September 2, 2020 – Additional Staff, New Observation Beds Will Provide Specialized and Timely Care to Patients: Friesen
A new unit and additional addictions, mental health and security staff will be added to the Health Sciences Centre (HSC) Winnipeg emergency department (ED), to improve outcomes for patients in various stages of intoxication, withdrawal or mental health crisis, Health, Seniors and Active Living Minister Cameron Friesen announced today.
“The high volume of patients needing addictions and mental health supports continues to put pressure on services and our communities,” said Friesen. “By investing in additional clinical staff specializing in substance use, addictions and mental health within HSC’s emergency department, we will improve patient care and emergency wait times for these patients. This fulfils our government’s commitment to provide a safer environment for patients and those working in or visiting the hospital.”
The $3.5-million investment at Manitoba’s provincial hospital will add staff trained in addictions and mental health care to the facility’s emergency department. An on-site addiction physician or psychiatrist for weekend and evening shifts, approximately 8.5 full-time equivalent (FTE) mental health nursing (ED and inpatient units) positions and 8.4 FTE security staff positions will be added as part of the investment. The additions will reduce wait times by six per cent.
Together, these new resources will help decrease offload times for police dropping off patients in the ED who are suffering from acute drug or alcohol intoxication including those suffering from methamphetamine-induced psychosis.
“Speeding up offload times will allow police officers to more quickly return to patrolling city streets and ensuring they are safe for all Winnipeggers,” said Justice Minister Cliff Cullen. “This investment reflects our government’s efforts to public safety and improving mental health and addictions services in Winnipeg and across the province, particularly for those suffering from meth-associated psychosis.”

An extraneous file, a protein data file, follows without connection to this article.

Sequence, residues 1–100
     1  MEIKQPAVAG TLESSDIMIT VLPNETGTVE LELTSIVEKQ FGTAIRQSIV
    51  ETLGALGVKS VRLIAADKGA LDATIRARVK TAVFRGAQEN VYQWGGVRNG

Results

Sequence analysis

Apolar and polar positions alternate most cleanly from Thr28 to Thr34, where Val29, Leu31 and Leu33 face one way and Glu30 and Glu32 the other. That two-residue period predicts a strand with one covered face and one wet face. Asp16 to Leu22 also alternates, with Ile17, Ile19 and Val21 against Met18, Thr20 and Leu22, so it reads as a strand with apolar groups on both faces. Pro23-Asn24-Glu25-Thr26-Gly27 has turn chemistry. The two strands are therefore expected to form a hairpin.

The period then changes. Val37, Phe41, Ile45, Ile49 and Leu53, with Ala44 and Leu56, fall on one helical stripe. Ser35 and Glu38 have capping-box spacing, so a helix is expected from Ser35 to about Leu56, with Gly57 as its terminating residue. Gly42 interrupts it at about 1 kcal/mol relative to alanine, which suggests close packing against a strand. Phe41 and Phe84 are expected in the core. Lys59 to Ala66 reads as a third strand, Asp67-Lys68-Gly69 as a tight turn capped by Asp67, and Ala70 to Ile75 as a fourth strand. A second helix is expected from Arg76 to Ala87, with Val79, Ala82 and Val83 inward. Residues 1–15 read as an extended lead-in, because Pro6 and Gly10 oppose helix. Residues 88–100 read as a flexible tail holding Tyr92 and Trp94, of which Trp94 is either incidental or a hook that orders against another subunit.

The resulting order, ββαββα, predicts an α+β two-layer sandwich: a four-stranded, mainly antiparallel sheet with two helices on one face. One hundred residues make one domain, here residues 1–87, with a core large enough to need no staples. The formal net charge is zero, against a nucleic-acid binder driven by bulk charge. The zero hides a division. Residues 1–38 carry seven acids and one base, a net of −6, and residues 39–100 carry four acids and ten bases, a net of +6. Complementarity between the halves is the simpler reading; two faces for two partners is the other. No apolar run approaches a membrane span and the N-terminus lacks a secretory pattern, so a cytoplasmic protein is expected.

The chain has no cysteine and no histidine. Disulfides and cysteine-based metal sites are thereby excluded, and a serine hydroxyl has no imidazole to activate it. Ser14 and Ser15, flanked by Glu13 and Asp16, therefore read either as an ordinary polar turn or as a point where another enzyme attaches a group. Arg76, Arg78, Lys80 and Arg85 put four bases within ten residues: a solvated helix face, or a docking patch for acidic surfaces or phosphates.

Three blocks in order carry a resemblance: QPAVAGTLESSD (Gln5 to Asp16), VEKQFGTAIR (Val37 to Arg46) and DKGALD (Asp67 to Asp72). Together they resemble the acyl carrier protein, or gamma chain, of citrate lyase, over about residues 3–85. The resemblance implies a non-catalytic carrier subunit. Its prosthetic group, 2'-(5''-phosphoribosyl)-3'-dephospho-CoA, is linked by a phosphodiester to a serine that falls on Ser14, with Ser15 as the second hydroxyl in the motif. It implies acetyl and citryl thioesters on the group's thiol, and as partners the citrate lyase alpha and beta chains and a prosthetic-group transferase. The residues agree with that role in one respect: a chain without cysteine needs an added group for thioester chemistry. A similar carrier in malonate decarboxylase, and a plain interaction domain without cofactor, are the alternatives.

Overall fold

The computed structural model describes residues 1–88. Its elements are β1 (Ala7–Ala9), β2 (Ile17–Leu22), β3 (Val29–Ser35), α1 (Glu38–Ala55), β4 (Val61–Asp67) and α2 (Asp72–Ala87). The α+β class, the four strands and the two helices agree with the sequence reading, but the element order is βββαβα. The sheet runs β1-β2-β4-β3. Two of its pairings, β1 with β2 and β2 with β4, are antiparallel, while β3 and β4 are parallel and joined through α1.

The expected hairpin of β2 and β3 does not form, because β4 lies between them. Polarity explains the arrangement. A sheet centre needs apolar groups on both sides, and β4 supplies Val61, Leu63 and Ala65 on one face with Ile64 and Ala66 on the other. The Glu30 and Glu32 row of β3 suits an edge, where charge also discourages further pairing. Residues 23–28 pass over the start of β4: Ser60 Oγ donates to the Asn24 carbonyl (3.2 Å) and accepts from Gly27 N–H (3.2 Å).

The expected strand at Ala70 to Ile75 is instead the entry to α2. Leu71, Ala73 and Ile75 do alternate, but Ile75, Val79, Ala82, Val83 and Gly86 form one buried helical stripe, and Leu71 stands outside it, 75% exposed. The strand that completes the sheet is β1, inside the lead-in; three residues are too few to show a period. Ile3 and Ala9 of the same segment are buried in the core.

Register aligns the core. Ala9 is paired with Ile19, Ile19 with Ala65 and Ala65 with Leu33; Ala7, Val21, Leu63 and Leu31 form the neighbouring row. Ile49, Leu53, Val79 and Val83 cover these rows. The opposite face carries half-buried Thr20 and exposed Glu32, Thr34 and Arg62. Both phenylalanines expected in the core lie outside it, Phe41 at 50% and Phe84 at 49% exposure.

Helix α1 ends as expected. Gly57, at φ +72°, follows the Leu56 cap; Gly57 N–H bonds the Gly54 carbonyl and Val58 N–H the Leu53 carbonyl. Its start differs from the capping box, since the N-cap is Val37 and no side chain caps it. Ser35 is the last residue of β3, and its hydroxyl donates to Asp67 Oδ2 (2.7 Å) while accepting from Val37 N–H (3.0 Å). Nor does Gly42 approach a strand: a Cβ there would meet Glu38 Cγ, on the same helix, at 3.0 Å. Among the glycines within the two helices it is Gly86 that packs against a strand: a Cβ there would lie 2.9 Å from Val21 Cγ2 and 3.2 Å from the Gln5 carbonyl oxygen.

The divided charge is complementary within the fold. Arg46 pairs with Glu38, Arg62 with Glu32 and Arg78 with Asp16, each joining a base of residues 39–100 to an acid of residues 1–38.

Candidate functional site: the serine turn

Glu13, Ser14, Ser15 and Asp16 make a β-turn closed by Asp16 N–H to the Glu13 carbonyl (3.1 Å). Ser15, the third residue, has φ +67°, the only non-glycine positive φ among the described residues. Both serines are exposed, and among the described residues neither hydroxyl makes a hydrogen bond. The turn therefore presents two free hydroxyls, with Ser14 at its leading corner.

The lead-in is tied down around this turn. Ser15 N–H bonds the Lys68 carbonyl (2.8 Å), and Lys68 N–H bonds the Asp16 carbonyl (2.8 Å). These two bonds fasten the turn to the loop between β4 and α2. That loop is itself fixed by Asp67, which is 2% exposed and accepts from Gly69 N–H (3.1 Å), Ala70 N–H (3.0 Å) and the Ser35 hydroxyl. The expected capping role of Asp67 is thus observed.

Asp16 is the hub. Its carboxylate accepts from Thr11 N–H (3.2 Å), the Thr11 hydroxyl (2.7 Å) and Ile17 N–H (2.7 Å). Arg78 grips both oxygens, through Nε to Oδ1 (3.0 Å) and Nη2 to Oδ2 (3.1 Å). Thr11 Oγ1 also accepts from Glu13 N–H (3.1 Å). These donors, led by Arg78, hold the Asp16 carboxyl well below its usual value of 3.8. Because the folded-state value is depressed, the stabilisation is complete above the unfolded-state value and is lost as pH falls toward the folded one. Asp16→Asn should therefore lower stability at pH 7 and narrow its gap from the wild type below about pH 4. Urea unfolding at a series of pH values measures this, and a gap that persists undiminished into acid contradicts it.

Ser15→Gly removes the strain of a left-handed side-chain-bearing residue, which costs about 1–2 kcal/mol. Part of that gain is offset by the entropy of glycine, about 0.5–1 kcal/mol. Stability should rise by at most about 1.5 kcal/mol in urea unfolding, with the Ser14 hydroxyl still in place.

The new unit will include six additional beds and two safe seclusion rooms used to stabilize patients with severe alcohol or drug intoxication, as well as meth-associated psychosis. It will also include addiction outreach workers hired to support those discharged from the unit, Friesen added.
“Over the last four years, the presence of meth-associated psychosis in our community has resulted in a steadily increasing number of patients arriving at hospital in need of a short period of stabilization,” said Dr. Jitender Sareen, provincial specialty lead for mental health and addiction, Shared Health. “The unique needs of this population requires a multidisciplinary team with a high level of expertise to ensure the safety of patients, staff and the community. The funding will be essential to improving wait times for assessments, reducing the length of stay of intoxicated and mental health patients in emergency and ensuring they get timely access to community resources.”
“These addiction and mental health resources will enable us to improve the level of care that patients struggling with addictions receive upon arrival at HSC Winnipeg’s emergency department,” said Dr. John Sokal, medical director, HSC Winnipeg’s emergency department. “This is an important first step toward the creation of a Safe Emergency Psychiatry and Addictions Unit as part of the HSC Adult ED.”
Friesen noted today’s announcement addresses recommendations in both the VIRGO and Illicit Drug Task Force reports. It also builds on other government investments to better the needs of Manitobans living with substance and mental health concerns.
Over $40 million has been invested in new or expanded mental health and addictions services or programs since last fall, Friesen said.